Thompson’s pick as the top “classic rock” song (1968–1976) is Led Zeppelin’s ubiquitous “Stairway to Heaven.” And it gets worse. His next three picks, all warhorses, are “Won’t Get Fooled Again” (the Who), “Hotel California” (Eagles), and “Bohemian Rhapsody” (Queen). He detests the Beatles’ Sgt. Pepper, though, so there’s grit under the treacle. Perhaps. He basically presents a scattershot critique of the music that lives forever on boomer-oriented oldies radio and at wedding receptions. He overdoes the sly humor only occasionally and has a good sense of the bizarre to compensate a shortage of appreciation of the backbeat. Most of his targets are exceedingly deserving of skewering, and all are by pretty well-heeled cats, most of them white, whatever that tells one. Thompson finds “moments of endorphin-pumping pleasure” in the likes of Jimmy Page’s guitar solo in “Stairway” and discourses merrily on the monumental nature of the 1960s–’70s album-oriented pop he esteems. He also finds great value in disco excursions by rockers, so obviously his humor knows no—or few—bounds. Good, clean fun. --Mike Tribby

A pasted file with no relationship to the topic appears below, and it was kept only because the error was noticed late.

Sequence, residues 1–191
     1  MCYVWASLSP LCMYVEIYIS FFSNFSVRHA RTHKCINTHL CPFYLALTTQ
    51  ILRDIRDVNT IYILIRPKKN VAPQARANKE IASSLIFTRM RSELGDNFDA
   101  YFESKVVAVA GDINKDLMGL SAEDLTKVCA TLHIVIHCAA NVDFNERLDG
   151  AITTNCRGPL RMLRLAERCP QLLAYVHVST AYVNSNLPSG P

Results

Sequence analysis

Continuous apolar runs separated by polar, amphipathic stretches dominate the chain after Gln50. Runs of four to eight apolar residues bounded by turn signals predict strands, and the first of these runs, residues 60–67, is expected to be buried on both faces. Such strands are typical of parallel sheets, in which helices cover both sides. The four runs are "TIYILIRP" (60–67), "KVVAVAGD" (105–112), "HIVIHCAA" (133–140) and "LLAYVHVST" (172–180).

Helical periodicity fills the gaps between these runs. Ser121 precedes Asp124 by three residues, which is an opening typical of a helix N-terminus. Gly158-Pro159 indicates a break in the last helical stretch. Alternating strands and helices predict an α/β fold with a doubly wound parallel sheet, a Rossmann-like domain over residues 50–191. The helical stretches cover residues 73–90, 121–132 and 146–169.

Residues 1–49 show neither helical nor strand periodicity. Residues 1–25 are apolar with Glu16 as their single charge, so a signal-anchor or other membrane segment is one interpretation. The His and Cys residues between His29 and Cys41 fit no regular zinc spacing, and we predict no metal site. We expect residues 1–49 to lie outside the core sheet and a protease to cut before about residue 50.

About the Author
Dave Thompson is the author of over 100 books on rock music and pop culture, including best-selling titles on Nirvana, Cream, David Bowie, and the Red Hot Chilli Peppers. His writing has also appeared in numerous magazines and publications, including Rolling Stone, Mojo, Melody Maker and Q.